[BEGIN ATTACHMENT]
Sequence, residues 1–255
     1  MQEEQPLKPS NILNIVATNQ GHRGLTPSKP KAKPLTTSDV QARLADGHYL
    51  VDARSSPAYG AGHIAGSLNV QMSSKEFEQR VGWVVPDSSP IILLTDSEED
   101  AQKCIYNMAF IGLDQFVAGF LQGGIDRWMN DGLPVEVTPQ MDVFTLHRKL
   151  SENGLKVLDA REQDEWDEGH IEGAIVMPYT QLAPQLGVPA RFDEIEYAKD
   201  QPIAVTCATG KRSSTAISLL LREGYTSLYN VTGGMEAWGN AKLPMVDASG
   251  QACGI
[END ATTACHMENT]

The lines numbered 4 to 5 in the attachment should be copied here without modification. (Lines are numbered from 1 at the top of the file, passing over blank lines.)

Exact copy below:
   101  AQKCIYNMAF IGLDQFVAGF LQGGIDRWMN DGLPVEVTPQ MDVFTLHRKL
   151  SENGLKVLDA REQDEWDEGH IEGAIVMPYT QLAPQLGVPA RFDEIEYAKD